Domestic Violence Hui Challenges Family Judges
Media Statement - for immediate release 26 April 2006
Domestic Violence Hui Challenges Family Court Judges
A national women's hui focussing on domestic violence held at the weekend, has called on family court judges and lawyers to stick to the letter and the spirit of the Domestic Violence Act.
Delegates at the hui heard numerous examples of how women have been failed by the legal system in recent years.
The 3 day hui in Hamilton was organised by the National Network of Stopping Violence Services and was attended by up to 80 women from around the country. Speakers included family court lawyers working with battered women and an American domestic violence expert.
Spokesperson Lila Jones, manager of the Hamilton Abuse Intervention Project, said the NZ world class Domestic Violence Act is not being administered in the way that was intended.
"Within the Court system there has been a deliberate undermining of the intention of the Act leaving women and children vulnerable as a result."
The intention of the DVA 1995 was to make protection for victims of domestic violence (mostly women) speedy and effective. Domestic violence in all its forms (physical, sexual, or psychological) was statutorily defined as unacceptable behaviour. Protection orders were to be available without notice in order to offer speedy protection from violent partners.
The DVA 1995 expressly lowered the threshold of the level of violence considered severe enough for a protection order without notice to be granted.
Psychological abuse was included as grounds for protection along with physical and sexual abuse.
However delegates and speakers at the hui named the following as issues of grave concern to people working with domestic violence victims:
- More and more protection orders being put on notice which means that women needing immediate protection are often being left without court order protection for several weeks to sometimes up to two months
- Despite the high correlations between spousal abuse and child abuse, pressure from the Courts on women to agree to unsafe access arrangements for children, this even when the other parent has used physical and/or sexual violence against his partner or his children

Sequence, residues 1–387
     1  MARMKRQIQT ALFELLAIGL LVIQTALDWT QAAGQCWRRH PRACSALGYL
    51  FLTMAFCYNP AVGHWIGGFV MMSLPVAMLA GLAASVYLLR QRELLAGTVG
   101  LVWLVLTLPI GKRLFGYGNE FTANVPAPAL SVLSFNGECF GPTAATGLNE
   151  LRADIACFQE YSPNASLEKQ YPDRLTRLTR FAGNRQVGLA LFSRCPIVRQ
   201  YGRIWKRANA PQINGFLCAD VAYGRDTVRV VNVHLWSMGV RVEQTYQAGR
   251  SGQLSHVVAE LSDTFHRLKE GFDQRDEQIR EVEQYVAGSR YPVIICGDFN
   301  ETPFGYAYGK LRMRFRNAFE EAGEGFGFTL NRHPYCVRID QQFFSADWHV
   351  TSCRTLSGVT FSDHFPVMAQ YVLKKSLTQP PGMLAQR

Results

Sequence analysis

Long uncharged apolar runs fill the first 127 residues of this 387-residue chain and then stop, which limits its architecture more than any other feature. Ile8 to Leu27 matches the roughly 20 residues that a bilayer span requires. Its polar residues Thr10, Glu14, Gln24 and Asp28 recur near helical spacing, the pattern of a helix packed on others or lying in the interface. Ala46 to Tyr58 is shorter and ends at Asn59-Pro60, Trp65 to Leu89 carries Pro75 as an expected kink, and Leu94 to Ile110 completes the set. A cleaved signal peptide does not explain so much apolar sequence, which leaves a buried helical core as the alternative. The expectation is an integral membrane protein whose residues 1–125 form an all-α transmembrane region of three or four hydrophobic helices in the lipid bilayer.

- Courts prioritising the rights of fathers to see their children over the rights of children and their caregivers to be safe from further violence during contact
- Women being required to attend couples counselling, relationship counselling and mediation even prior to their safety issues being addressed by the Court
- Evidence of psychological abuse being ignored or minimised
- Family Violence Courts inappropriately dealing with criminal cases arising out of domestic violence, including using unproven typologies of batterers and relationship counselling rather than providing effective safety for child and women victims of that violence.
Hui delegates called on Judges to carry out the intent of the Domestic Violence Act, to safeguard the physical, sexual and psychological well-being of victims of domestic violence.
"We want to see the Courts view the significance and impact of domestic violence from the perspective of its victims as is mandatory under the Act. We want Family and Criminal Courts to prioritise the safety of adult victims and children, again as is required by the Act, and not substitute an already discredited view that domestic violence is about relationship dysfunction.
"We want to see the courts backing up police actions, by taking seriously any breaches of protection orders in every instance.
"New Zealand has an epidemic of domestic violence. This was acknowledged by the Prime Minister at the ACCAN conference in Wellington in February and shows up in our disgraceful statistics for domestic murders.
"This is a world class law and it is not being implemented by many Judges in the family court in the way that was intended."
Ms Jones said family violence experts working with victims of domestic violence will be seeking to have their concerns addressed through every avenue open to them during the coming months.
"We are talking about using the law to save lives. Who can argue with that?"